A dad reviews Star Wars: The Force Awakens (spoiler-free)

Kinderling News & Features

Going into Star Wars: The Force Awakens, I was more nervous than Luke Skywalker walking the plank above the Sarlacc Pit in Return Of The Jedi. Despite my wishful thinking, a new franchise in the beloved series comes fraught with danger. There's a lot to gain but there's even more to lose.

After all, 16 years ago, fans took the plunge with the first prequel The Phantom Menace only to fall into a steaming pile of Bantha dung. With its soap opera dialogue, wooden green-screen acting and confusing politics, George Lucas' new trilogy managed to turn one of the greatest stories never told – Anakin Skywalker turning to the Dark Side to become Darth Vader – into one of the lamest ever sold. So bad was its stink, for a while it even tarnished the first films and the captivating cosmic world Lucas created way back in 1977 just by association.

Thankfully this time The Force Awakens - directed by J.J.Abrams (perhaps best known for rebooting Star Trek and Mission Impossible, and co-creating Lost) - learns from Lucas' mistakes and lands a winner. An exhilarating, well-made winner that recaptures the spirit, heart and soul of the original trilogy.

I’ll resist diving into the story to avoid spoilers but let’s just say, it's a lovingly-forged fusion of old and new. Both fresh and familiar, there’s plenty of nods and allusions to the classic films to delight die-hard fans, but it's also infused with a modern outlook (women thankfully play a far stronger role, for starters), a sharp wit and plenty of charisma to connect new comrades and old.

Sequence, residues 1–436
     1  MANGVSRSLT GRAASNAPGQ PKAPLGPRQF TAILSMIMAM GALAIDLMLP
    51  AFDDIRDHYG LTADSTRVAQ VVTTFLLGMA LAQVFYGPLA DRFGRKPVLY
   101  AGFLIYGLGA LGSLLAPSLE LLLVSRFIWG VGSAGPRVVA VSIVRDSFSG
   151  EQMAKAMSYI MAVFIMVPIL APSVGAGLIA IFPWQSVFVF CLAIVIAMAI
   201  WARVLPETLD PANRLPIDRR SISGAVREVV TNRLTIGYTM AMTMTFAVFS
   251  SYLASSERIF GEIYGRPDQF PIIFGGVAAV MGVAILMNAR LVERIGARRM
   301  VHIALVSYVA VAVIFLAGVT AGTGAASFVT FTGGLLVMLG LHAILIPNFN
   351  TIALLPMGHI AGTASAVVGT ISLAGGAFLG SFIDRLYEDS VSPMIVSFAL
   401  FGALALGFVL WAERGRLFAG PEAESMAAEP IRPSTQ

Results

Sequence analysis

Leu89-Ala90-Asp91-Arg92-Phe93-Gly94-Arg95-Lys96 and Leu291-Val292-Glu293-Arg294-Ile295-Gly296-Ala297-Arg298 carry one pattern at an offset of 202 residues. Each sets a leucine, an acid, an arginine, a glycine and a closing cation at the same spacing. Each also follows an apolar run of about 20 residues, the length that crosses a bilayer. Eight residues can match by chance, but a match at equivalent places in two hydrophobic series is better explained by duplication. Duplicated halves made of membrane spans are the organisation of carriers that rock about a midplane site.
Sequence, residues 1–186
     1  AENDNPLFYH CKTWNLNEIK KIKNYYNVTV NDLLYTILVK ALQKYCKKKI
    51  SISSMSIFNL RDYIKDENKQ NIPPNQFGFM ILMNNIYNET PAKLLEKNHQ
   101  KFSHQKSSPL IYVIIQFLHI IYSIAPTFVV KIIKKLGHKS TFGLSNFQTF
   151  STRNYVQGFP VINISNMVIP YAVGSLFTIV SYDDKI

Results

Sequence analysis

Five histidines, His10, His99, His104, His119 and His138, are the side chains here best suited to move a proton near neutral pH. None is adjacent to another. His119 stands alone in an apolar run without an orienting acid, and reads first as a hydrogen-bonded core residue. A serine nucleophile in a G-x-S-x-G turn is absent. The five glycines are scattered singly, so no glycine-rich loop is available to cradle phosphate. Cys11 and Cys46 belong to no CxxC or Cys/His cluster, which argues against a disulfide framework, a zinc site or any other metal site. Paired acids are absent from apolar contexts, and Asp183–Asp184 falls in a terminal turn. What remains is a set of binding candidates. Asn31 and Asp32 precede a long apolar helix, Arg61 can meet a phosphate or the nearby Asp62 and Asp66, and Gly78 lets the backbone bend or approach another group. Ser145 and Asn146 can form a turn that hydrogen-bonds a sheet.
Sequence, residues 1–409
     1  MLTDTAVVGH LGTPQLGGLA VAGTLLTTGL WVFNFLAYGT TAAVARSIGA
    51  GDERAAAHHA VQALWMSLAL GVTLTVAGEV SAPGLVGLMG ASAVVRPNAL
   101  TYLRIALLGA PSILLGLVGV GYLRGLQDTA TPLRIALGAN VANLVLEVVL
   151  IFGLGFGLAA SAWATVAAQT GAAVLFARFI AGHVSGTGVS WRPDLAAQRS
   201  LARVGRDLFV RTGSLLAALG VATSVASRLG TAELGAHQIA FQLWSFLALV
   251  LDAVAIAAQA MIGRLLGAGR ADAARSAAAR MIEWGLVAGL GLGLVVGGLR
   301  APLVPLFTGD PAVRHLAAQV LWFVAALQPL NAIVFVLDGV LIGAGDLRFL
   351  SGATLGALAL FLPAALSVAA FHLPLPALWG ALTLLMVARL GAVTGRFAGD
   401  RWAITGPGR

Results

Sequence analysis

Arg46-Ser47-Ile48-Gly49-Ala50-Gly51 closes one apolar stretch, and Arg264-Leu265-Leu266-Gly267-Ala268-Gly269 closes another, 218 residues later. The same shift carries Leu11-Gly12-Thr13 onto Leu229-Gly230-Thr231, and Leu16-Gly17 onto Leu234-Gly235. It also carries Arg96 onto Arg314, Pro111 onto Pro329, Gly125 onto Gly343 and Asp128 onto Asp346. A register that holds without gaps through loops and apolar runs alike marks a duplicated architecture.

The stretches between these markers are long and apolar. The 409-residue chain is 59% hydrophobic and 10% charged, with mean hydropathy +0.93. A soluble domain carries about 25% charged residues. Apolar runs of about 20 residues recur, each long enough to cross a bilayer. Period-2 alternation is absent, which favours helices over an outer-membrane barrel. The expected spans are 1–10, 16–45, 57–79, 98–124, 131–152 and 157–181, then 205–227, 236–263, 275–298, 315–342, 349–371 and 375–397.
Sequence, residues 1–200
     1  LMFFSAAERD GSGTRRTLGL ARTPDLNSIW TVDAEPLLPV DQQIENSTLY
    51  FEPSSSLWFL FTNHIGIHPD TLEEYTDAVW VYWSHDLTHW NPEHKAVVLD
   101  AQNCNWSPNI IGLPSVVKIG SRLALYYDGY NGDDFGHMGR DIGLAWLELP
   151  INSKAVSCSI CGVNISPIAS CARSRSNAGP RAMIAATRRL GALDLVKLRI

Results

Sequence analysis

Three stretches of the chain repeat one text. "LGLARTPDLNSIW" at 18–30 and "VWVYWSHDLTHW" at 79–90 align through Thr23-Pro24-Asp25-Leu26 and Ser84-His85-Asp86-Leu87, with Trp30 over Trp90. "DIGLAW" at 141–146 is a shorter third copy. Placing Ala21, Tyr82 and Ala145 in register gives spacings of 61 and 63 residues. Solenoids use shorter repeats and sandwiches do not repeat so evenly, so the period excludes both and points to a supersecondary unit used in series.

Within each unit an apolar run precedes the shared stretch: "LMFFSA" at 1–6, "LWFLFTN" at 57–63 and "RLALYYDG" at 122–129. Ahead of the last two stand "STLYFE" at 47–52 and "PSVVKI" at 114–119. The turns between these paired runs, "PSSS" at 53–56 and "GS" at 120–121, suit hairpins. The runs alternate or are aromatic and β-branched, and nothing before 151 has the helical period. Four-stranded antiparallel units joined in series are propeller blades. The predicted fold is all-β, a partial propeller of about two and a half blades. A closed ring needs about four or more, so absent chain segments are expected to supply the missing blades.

It’s a joy to see old friends like Han Solo and Chewbacca rubbing shoulders with fresh, well-written characters that stand up on their own. And just as crucially, the script delivers enough get-you-right-in-the-heart moments throughout the film to guarantee some serious warm and fuzzy feels.

The music score is epic and the 3D visuals are breath-taking and crucially, look real. So many of the ships and props in the prequels looked impossibly shiny and fake; by contrast, with Abrams’ insistence on real, authentic sets (embodied in the trailer below), the ships and speeders in this one are dirty, dented and used. 

The film isn’t faultless. It jams in new characters, creatures and planets at a breakneck, at times disorientating speed. And as it goes on, the nods to the original trilogy’s story become heavy winks and then big elbows in the ribs going ‘See! See!’. It's particularly prominent in the final act, where story elements risk becoming predictable and even derivative.

Is it suitable for kids? No doubt, they’ll be blown away by the high-speed chases and explosive action, but the film does feature deadly lightsaber duels, exploding spaceships, some very menacing villains and some sad emotional scenes. With that in mind, it’s understandable that it’s rated M. So best suited to older kids, for sure. 

That all said, the child in me - the youngster watched Star Wars all those years ago (too many years, really) - was thrilled with this new adventure. And even the more cynical grown-up me, the one scarred by the prequels, was impressed.

For now, it seems the future is in good hands – bring on round two in 2017.

Parents, check out Common Sense Media's film review for a more detailed analysis for children (contains spoilers!)